Arguably more deadly then and in the long term, were the CBU-58 cluster-type munitions that the US still stockpiles today.

The Lao and Khmer people called them “bombies”.

Then and now, a single warhead can contain 500 or more small bomblets. What the military calls “submunitions” average about six inches (15cm) long and weigh under four pounds (1.8kg). They burst from their warheads and fall in clusters over wide areas. The horrific post-war danger is that the bombies have a high dud rate. Up to 40 percent of the munitions fail to explode. It’s estimated somewhere between 9 and 27 million submunitions in Indochina remain unexploded today.

The populations of Cambodia and Laos grew significantly as peace prevailed and post-war recovery gained slow progress in the early 2000s. Looking for land to farm, people began moving into the regions most bombed.

The number of accidental deaths soared into the tens of thousands as more civilians began to discover the deadly unexploded ordnance (UXOs).

Since 1995, from his base in Hanoi, US Army veteran Chuck Searcy has been working on efforts, mainly in Quang Tri, Vietnam, to eradicate UXOs. “Across the region”, Searcy told me, “the most tragic cases occur when children pick up 50-year-old bomblets, use them as toys, and lose life or limbs”.

Searcy says he is now involved in primary school education projects to ensure that “children know what bomblets look like and know who to call if they find anything”.

The 2010 Convention on Cluster Munitions signed by 123 nations was supposed to prohibit the use, development, acquisition, stockpiling or transferal of cluster munitions. The biggest manufacturers, Russia and the US, as well as other countries like China and Ukraine, however, refused to sign the convention.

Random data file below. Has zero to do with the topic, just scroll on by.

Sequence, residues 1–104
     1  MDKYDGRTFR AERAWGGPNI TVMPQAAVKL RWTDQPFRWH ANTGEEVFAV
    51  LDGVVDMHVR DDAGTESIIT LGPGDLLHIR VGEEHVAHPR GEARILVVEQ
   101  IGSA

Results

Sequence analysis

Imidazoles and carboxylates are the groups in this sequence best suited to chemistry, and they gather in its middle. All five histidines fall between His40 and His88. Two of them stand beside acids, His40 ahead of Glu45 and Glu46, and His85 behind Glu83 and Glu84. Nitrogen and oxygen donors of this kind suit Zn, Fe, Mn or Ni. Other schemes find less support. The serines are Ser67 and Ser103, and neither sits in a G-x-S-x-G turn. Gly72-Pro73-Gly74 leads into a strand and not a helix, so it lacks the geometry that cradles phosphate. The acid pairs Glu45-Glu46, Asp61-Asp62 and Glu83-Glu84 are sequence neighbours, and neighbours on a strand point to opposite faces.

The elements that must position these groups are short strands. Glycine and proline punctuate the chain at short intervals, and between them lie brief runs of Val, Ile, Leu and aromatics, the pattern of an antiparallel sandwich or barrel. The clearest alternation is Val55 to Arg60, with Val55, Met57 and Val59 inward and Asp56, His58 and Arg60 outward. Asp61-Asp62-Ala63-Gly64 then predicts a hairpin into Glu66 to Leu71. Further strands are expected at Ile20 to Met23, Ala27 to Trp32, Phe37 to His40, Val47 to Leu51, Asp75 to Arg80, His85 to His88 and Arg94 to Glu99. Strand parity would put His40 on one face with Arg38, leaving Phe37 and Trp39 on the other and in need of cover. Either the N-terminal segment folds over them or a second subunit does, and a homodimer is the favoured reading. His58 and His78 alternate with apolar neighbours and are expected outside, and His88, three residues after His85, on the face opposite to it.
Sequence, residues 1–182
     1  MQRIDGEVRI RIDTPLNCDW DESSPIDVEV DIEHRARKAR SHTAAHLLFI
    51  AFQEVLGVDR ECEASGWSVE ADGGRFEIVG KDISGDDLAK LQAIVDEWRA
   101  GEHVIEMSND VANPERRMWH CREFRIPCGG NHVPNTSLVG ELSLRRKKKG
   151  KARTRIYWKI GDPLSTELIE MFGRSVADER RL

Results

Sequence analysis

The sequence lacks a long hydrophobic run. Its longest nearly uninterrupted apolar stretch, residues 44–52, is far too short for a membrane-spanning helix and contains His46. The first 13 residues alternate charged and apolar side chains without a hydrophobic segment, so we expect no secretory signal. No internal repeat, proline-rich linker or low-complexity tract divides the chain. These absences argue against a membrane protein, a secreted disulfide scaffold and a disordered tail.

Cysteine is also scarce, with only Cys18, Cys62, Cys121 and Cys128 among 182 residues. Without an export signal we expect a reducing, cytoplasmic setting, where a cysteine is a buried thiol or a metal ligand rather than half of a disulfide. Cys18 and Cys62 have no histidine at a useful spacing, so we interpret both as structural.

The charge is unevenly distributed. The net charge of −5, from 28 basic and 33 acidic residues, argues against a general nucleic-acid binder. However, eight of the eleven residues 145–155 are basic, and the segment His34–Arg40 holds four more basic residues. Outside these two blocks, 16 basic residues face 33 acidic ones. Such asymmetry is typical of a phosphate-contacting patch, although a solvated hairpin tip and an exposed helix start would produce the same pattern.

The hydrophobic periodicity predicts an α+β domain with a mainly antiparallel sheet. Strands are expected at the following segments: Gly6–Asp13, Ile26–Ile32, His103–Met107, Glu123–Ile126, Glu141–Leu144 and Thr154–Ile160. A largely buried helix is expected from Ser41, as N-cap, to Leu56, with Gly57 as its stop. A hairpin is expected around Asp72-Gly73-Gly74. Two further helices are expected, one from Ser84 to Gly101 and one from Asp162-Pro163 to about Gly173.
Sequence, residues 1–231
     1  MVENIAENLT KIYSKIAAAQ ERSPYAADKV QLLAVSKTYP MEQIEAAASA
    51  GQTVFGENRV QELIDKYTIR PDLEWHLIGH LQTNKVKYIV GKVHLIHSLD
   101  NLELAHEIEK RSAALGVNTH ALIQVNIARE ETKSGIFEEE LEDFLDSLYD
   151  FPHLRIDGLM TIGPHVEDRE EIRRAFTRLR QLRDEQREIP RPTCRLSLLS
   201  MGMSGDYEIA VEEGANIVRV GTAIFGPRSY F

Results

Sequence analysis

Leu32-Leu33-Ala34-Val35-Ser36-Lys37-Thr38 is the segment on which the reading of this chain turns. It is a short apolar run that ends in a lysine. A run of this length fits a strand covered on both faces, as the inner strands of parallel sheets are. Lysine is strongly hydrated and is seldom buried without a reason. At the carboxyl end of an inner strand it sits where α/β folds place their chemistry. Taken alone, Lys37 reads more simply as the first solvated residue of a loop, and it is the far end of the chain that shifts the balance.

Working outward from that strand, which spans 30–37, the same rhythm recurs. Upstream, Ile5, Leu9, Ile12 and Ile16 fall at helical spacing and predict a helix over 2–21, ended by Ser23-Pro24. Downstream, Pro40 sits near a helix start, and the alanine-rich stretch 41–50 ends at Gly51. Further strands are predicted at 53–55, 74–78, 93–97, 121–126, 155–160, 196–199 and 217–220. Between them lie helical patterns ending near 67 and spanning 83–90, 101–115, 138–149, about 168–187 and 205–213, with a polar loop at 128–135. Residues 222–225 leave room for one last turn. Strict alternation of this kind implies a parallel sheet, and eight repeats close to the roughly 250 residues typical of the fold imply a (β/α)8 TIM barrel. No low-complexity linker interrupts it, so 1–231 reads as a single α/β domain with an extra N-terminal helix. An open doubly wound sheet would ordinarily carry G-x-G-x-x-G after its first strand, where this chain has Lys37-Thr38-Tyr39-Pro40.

Whether US- or Russian-sourced, cluster bombs have been used since 2010 in Afghanistan, Libya, Sudan, Yemen and Syria. And that is but a partial listing.

When US President Joe Biden approved the transfer of cluster munitions to Ukraine last month, he described it as a “very difficult decision” but that “it was needed”.

The Ukrainians say the munitions will be highly effective against infantry, artillery and truck convoys. Yet, it is probably not what is actually needed now but rather what is available. Cluster weapon stockpiles are there. Stocks of other weapons are low, depleted by the supply to Ukraine to fight Russian aggression.

A Pentagon announcement says that Ukraine will receive artillery-delivered cluster munitions, indicating the US will not provide air-delivered cluster bombs. Still, the provision of these weapons will no doubt encourage the Russians to use more of their cluster bombs in an escalation of airstrikes that have already hit civilian-occupied Ukrainian apartment buildings.

Russia and Ukraine are focused on the immediate battles and the inches of territory they can occupy or free, respectively. But history tells us that the continued proliferation of these munitions may well leave an impact lasting long after the current war is over.

The governments giving and using “bombies” are setting up the next generation for unnecessary deaths. At a minimum, there will need to be a dangerous munitions cleanup when the war is over.

The same governments supplying Ukraine with these weapons will need to help it then, again.

The views expressed in this article are the author’s own and do not necessarily reflect Al Jazeera’s editorial stance.